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Chapter 7 Bankruptcy Compared to Chapter 13 – What’s the Difference?

In 2005, the Bankruptcy Abuse Prevention and Consumer Protection Act was signed into law by President George W. Bush. This was the “bankruptcy overhaul” bill that was long sought by lobbyists in the credit card and lending industries.  The changes made by this law make it more difficult for individuals to file a Chapter 7 bankruptcy and discharge their debts without making any payments. One of the main goals of this bill was to prevent abuse of the bankruptcy system and steer consumers that need debt relief away from Chapter 7 and towards a Chapter 13 filing. Despite many misconceptions, a Chapter 7 bankruptcy is still available for most consumers. Below are some of the differences between the two types of bankruptcy filings:

Chapter 7 Bankruptcy – In a Chapter 7 case, a debtor is released from most of his or her debts roughly four months after the case is filed. A Chapter 7 discharge will absolve a person of most debts, except for a list of about 20 categories of “non-dischargeable” debts which include student loans, child support, certain taxes and debts for fraudulent activities. Debtors seeking debt relief under Chapter 7 must pass a “means test” which attempts to assess whether the debtor would be abusing the bankruptcy system by filing for Chapter 7 rather than making payments in a case filed under Chapter 13.  The means test is essentially a comparison of a debtor’s household income against the median income of households of the same size in state in which the case is filed.  If a debtor does not pass the means test, he will be disqualified from obtaining a discharge under Chapter 7 and must file under Chapter 13.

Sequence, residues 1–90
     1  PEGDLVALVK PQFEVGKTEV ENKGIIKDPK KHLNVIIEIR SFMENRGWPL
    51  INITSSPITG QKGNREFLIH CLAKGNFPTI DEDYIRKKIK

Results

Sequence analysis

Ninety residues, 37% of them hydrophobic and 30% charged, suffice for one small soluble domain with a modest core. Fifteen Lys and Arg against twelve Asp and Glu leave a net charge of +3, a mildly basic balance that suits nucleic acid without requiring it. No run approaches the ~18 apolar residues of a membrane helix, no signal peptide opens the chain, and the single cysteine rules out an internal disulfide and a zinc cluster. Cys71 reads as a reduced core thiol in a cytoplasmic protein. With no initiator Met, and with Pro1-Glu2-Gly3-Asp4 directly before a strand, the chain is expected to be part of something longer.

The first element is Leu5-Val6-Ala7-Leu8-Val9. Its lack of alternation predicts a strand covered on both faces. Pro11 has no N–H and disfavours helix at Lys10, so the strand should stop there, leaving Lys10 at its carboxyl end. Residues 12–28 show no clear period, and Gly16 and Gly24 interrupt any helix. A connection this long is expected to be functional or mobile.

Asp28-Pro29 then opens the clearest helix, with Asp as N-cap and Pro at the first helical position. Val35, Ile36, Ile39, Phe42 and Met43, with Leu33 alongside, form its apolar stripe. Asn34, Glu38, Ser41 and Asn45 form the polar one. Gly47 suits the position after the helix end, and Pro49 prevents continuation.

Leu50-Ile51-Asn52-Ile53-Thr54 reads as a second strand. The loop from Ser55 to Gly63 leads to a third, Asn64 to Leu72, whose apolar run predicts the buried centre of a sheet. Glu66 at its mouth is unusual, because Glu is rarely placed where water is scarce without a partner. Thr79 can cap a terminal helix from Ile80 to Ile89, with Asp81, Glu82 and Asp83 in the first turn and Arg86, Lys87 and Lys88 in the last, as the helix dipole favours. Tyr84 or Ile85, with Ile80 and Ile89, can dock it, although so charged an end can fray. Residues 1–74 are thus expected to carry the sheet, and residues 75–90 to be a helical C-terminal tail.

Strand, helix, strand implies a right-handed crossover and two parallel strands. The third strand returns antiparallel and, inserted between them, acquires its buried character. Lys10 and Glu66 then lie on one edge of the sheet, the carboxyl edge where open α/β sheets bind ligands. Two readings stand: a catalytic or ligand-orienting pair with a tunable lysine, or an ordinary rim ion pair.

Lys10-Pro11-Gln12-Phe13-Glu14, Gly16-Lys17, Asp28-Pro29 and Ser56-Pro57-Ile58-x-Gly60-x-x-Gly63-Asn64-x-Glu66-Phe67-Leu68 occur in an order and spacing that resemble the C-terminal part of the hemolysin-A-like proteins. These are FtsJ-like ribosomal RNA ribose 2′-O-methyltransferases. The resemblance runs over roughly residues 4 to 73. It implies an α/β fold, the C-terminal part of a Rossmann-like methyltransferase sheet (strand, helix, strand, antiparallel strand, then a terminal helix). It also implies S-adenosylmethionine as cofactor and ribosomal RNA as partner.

Chapter 13 Bankruptcy – Under a Chapter 13 filing, the debtor agrees to make monthly payments to creditors under a court approved plan. In most cases, the amount paid back is only a small portion of the outstanding debt owed. When the court approved amount is paid, a discharge is entered and the debtor is no longer obligated to pay the remaining amount owed to his or her creditors.

It’s important to remember that each person’s financial situation is unique. There are many factors that will determine whether you should file under Chapter 7 or Chapter 13.

If you live in or around the Houston, Texas area and are struggling with debt, contact the Weber Law Firm today to discuss your options. We have experienced bankruptcy attorneys that will help you navigate through the entire process and get you on a debt-free path as soon as possible. We can be reached at 713-789-3300 and offer a free and private consultation.